So, JV, did the Supremes get 'this free speech thing' right? No, because it's not about free-speech at all, it's specifically about money. Dippy libertarian pseudo-pith doesn't affect that.

Dippy libertarian pseudo-pith doesn't affect that

This would come in handy as a key on my keyboard.

Just because you have a right to free speech, doesn't mean you're allowed to take money for speaking. There are lots of things you aren't allowed to take money for, products that are illegal to sell.

So, IMO, there is no human rights problem with banning ALL political advertising, if that's what you want. Doing it selectively (forbidding only foreginers, corporations, prison inmates, or setting spending limits) is a bit more stinky, since that could help some parties and hurt others - but so what? They haven't banned gerrymandering yet.

Again: Speech is protected. The right to take payment for saying certain things, however, need not be. Regulate to your heart's content.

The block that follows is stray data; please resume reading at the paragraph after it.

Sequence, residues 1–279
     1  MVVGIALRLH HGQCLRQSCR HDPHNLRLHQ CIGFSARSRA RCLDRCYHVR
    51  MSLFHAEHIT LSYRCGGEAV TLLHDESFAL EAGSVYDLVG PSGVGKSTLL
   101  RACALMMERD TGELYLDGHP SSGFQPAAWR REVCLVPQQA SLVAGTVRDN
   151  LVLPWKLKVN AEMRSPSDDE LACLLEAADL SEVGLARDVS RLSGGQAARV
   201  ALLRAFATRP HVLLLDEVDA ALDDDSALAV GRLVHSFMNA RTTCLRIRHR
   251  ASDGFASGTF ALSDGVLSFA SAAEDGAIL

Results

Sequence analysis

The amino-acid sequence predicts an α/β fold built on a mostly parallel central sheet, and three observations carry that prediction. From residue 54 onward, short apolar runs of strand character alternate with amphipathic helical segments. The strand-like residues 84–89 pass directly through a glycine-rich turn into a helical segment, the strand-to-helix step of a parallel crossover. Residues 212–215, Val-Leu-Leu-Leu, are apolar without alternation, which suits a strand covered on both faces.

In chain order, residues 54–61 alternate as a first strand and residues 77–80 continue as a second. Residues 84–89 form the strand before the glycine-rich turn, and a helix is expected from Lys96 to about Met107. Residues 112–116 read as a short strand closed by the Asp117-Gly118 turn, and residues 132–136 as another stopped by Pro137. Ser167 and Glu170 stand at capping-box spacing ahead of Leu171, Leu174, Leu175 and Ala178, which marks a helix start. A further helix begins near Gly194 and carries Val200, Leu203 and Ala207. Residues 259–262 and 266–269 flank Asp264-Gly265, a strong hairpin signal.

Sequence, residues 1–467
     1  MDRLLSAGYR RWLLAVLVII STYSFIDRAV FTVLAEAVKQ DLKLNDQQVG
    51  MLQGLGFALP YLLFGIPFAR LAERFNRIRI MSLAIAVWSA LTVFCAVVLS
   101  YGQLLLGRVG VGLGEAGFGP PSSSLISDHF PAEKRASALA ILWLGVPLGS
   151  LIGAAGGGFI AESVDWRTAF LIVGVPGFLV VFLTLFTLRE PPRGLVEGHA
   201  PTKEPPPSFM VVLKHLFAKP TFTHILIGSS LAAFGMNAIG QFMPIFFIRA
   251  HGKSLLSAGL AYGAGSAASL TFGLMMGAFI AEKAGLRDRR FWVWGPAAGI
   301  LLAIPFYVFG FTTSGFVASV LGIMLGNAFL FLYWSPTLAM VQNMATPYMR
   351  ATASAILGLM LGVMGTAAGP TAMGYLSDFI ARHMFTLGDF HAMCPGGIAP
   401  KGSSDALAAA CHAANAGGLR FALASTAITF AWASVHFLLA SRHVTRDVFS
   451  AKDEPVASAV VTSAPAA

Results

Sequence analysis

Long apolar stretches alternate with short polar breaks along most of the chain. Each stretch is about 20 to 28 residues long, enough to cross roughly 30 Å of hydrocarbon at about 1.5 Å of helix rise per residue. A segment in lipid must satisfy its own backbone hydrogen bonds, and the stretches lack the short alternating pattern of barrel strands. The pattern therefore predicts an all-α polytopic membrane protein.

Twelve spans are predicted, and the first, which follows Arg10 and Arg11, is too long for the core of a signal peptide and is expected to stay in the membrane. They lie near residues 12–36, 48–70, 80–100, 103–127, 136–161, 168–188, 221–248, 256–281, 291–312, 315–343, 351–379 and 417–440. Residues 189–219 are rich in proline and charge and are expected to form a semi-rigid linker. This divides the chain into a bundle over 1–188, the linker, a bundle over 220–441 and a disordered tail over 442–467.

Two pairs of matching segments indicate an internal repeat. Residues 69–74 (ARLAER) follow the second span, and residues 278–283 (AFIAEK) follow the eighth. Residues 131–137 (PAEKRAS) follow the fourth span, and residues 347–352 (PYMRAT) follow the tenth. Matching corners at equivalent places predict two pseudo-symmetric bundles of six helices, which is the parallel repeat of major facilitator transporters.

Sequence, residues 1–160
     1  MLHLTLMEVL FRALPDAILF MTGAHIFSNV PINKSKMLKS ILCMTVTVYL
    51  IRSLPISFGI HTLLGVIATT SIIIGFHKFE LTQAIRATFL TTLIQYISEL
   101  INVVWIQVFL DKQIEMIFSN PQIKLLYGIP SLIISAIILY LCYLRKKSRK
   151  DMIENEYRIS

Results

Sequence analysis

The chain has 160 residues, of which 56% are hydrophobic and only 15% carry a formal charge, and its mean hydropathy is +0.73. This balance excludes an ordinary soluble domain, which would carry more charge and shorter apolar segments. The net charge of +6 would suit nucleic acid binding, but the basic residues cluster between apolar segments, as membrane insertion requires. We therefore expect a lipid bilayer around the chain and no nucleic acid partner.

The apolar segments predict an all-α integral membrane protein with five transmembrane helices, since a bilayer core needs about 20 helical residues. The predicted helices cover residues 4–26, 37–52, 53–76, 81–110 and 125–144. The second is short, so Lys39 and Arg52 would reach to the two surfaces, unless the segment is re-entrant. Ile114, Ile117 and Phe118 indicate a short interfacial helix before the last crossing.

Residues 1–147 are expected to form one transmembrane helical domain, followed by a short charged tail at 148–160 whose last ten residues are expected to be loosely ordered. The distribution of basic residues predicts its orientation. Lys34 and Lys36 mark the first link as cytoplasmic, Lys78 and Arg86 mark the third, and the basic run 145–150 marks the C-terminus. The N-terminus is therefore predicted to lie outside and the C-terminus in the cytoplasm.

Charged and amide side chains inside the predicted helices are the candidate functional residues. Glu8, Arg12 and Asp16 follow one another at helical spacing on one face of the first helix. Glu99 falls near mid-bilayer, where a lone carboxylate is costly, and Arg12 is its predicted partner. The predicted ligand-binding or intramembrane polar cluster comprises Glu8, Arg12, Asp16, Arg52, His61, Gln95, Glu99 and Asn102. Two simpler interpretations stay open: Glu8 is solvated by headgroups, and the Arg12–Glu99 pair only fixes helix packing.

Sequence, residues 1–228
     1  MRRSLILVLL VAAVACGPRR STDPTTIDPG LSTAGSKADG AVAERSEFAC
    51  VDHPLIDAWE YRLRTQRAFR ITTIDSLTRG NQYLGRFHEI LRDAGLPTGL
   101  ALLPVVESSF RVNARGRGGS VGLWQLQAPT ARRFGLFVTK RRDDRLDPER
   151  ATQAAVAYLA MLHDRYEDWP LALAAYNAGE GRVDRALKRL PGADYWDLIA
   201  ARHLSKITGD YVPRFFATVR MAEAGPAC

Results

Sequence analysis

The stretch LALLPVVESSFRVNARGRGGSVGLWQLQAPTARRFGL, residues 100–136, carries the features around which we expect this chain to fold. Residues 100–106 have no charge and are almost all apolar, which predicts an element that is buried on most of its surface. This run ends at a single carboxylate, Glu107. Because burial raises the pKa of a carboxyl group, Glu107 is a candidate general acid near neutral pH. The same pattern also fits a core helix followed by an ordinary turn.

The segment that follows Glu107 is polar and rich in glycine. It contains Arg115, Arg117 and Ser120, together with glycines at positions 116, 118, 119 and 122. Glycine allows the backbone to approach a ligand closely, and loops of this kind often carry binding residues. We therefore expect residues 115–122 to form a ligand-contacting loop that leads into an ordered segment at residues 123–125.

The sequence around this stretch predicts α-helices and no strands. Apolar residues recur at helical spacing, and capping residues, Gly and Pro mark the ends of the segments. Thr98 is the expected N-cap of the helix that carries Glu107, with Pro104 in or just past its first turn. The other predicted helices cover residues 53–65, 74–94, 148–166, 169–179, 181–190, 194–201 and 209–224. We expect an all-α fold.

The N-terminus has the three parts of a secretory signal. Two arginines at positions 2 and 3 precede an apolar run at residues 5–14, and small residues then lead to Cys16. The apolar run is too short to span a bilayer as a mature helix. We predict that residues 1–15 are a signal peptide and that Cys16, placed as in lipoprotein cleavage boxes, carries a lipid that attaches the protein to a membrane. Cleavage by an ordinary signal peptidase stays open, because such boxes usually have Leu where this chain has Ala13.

But to the extent a state has created the corporate body from whole cloth, I'm not so sure it can't limit the ways that that body can act.

Ugh, by this standard, any media outlet organized under the laws of Delaware could be prohibited from endorsing a candidate. That plainly violates the 1st Amendment.

This would come in handy as a key on my keyboard.

viva short cuts Eric!

Glenn Greenwald apparently agrees with the Supreme Court ruling--

link

"So, IMO, there is no human rights problem with banning ALL political advertising, if that's what you want."

Yeah, we already knew that O.W. wasn't exactly a hotbed of ACLU style civil libertarianism.

We can talk about the sky falling down when the reelection rate gets to something really scary like 75%.

The reelection rate is a red herring.

The issue is whether, over time, Congress will be owned (more than already) by corporate interests. I think that's a very reasonable fear.